The Daily Mail said Amazon is the most likely of digital media giants including Facebook, Google, Twitter and Netflix to bid for Premier League content, following the United States firm's recent acquisition of tennis's ATP World Tour rights for around £50m ($67m).
In reality, it will be the clubs and players who benefit the most with United's wage bill surpassing £250 million in their last posted accounts.
United won the EFL Cup and the UEFA Europa League during Jose Mourinho's first season in charge and investment in stars such as Paul Pogba, Zlatan Ibrahimovic and Henrikh Mkhitaryan saw staff costs rise to $A451.7 million - an increase of 13.5 per cent.
Controlled by the American Glazer family and with its shares traded in New York, United forecast revenue of between 575 million pounds and 585 million pounds in 2017-18.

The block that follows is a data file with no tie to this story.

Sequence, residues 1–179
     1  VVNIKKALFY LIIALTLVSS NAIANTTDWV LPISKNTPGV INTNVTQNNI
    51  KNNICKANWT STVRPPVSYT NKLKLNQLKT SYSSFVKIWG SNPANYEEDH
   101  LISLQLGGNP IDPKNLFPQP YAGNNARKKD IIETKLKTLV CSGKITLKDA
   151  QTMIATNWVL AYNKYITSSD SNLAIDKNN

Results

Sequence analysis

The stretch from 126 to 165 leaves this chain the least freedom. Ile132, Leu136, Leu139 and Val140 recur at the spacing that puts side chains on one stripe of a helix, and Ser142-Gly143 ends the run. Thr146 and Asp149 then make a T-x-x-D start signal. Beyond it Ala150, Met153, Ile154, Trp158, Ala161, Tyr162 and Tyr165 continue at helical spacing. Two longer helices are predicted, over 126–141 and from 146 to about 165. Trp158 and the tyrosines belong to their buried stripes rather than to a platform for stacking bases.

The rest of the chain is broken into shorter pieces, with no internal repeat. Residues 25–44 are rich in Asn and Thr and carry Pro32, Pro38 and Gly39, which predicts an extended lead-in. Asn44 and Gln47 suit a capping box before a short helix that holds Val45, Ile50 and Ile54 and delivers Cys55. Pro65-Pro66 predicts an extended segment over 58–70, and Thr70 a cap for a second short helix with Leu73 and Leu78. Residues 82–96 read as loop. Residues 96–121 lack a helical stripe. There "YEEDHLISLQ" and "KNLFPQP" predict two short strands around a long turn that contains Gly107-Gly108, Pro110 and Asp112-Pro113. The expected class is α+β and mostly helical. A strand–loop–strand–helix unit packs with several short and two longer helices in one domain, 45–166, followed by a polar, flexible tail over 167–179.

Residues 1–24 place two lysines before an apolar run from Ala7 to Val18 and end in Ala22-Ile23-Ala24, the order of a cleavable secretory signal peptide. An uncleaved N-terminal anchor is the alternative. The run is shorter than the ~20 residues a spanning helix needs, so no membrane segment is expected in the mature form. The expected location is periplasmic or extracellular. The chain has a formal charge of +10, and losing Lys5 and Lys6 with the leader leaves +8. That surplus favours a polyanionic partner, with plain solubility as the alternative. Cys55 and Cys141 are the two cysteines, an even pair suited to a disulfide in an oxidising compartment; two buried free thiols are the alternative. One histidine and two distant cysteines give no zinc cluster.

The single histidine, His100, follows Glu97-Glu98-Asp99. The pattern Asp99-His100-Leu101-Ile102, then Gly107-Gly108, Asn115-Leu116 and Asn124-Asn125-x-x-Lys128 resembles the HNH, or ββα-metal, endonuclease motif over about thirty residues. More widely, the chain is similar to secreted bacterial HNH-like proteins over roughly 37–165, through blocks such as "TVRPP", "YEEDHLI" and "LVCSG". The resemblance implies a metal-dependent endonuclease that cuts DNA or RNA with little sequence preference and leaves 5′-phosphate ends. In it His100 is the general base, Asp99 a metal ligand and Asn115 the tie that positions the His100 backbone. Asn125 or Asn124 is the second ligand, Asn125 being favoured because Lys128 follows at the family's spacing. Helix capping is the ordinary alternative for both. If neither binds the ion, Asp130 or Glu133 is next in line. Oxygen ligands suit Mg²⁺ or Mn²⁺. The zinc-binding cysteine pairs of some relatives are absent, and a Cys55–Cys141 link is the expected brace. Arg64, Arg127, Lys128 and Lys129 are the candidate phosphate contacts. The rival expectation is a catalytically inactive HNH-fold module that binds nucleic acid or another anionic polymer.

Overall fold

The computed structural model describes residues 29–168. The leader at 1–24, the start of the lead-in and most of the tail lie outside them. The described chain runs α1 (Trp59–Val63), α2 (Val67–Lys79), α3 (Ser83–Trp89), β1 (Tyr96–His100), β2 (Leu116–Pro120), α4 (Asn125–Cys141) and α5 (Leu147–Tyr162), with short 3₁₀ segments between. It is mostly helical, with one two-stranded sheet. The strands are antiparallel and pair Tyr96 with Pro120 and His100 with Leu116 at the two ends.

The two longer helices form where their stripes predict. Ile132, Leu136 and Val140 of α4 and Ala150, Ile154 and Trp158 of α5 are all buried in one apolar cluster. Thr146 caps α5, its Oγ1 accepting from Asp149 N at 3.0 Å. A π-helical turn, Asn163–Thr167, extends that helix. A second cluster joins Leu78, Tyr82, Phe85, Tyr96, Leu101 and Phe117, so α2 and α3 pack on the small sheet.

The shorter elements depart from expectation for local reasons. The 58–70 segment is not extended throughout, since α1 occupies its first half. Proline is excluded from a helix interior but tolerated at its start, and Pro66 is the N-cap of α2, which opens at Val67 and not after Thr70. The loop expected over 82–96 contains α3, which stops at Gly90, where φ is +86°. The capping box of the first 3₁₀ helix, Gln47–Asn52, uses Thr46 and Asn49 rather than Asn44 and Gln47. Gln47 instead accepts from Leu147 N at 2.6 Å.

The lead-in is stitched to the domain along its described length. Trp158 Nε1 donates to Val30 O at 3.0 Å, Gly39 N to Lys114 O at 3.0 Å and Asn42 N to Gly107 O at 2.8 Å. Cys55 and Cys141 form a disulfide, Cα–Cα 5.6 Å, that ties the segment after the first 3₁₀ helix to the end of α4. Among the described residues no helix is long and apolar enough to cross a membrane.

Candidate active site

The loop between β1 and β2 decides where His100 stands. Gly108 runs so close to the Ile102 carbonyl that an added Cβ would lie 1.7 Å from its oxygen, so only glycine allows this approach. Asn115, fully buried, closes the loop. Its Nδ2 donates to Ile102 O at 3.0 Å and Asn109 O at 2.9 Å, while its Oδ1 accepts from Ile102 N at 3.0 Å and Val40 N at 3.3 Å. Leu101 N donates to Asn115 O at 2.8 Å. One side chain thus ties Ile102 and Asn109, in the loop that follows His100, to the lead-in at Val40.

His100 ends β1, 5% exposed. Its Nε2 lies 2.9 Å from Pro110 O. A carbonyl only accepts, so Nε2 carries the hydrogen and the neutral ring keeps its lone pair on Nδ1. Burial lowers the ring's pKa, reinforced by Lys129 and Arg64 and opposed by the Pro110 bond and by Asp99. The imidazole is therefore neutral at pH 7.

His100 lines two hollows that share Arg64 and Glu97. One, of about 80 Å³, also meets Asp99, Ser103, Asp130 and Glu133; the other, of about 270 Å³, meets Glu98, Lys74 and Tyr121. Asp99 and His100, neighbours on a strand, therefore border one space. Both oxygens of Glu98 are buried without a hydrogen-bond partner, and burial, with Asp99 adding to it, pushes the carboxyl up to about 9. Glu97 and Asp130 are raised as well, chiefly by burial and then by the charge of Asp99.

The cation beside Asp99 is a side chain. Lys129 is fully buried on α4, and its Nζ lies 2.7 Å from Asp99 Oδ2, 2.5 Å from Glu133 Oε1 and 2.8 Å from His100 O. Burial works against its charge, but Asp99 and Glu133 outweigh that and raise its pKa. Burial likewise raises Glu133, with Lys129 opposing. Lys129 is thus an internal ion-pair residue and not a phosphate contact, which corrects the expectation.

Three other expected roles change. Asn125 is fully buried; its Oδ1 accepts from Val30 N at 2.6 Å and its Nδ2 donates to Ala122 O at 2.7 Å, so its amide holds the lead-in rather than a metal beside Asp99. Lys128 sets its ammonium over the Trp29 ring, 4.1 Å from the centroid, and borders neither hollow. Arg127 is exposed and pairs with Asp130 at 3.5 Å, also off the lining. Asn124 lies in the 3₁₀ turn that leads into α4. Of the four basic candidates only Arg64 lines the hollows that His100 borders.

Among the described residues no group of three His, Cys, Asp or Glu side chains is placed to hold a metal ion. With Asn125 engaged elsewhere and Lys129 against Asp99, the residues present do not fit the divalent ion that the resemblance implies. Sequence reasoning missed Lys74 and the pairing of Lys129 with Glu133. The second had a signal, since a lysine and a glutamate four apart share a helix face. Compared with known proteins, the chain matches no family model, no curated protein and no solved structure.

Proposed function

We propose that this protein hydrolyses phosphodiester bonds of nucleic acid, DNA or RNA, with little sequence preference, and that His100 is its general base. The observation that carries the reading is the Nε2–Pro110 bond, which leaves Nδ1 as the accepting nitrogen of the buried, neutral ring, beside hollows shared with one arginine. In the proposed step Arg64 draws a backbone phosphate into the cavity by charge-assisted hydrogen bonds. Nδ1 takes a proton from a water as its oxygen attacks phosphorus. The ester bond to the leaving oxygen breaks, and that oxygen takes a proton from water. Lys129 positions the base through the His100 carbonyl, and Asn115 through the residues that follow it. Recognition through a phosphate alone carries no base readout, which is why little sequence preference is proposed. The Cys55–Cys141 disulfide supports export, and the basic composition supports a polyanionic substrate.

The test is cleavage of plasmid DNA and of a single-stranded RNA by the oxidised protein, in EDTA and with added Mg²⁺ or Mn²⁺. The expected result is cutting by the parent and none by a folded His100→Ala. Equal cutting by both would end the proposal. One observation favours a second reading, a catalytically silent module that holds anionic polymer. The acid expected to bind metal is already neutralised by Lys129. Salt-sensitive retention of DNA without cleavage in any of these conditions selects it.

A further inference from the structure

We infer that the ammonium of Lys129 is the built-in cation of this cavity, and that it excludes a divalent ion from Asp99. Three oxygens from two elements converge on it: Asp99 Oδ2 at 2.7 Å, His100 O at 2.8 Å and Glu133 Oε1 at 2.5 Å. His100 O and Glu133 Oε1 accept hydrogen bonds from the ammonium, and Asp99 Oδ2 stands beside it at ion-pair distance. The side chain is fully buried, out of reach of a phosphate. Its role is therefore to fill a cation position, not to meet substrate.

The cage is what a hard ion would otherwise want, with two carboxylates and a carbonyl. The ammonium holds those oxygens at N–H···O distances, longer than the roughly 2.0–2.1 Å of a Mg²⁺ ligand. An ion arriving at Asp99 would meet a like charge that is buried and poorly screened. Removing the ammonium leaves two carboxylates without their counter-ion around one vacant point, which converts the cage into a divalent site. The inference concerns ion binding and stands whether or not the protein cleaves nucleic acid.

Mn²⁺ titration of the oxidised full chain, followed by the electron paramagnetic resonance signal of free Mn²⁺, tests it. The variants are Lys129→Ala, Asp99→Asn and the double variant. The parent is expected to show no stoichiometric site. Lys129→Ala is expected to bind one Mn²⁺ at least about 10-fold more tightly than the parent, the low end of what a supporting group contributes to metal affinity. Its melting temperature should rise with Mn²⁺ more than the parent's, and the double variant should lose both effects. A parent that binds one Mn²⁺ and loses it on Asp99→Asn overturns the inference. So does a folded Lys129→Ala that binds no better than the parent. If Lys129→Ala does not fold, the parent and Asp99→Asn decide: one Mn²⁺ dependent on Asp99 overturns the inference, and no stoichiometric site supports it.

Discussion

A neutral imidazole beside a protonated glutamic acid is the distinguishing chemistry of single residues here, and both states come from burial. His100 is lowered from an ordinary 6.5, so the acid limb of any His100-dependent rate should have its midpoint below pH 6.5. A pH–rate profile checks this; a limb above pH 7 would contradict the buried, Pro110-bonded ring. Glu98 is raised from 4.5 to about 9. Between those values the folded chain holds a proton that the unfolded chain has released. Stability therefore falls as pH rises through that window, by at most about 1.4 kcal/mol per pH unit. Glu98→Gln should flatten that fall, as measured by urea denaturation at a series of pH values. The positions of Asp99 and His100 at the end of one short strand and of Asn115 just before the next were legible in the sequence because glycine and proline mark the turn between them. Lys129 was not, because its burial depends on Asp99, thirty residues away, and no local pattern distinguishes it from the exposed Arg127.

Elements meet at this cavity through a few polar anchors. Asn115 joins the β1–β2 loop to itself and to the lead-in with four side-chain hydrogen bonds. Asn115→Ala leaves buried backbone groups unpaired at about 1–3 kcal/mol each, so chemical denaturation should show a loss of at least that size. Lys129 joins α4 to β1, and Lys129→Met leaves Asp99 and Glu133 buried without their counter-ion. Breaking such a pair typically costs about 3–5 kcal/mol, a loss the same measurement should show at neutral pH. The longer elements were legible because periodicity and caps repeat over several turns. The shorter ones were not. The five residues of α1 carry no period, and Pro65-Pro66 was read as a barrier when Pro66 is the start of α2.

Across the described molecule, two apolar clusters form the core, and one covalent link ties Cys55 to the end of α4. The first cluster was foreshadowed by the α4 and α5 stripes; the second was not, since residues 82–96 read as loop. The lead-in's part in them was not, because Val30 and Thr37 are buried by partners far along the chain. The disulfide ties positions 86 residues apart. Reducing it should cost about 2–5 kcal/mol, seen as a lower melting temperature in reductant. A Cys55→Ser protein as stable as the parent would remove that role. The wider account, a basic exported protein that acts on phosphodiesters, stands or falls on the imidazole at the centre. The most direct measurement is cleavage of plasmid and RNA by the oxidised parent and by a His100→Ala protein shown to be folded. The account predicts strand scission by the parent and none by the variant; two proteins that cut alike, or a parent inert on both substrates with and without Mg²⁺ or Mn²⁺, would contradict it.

After qualifying for the Champions League by winning last season's Europa League - a route of entry that will see them miss out on half of the TV income issued to clubs - United expect to at least reach the competition's quarter-finals this year.
Even though the new Premier League TV deal helped to send broadcasting revenue bounding ahead, operating expenses - at £511.3 million for the year to June 30 - climbed at a faster rate (17%) than overall revenue (12.8%). However, they had to settle for fifth place in the 20-team Premier League.
The lower figure was partly blamed on the prospect of bonus payments to players because of Champions League qualification. Secondly, Amazon has taken over the Thursday night streaming from Twitter for the National Football League and, thirdly, the MLS deal with Facebook is very interesting to broadcast 22 games in the regular season. The social media company made a $610 million bid earlier this month for the Indian Premier League.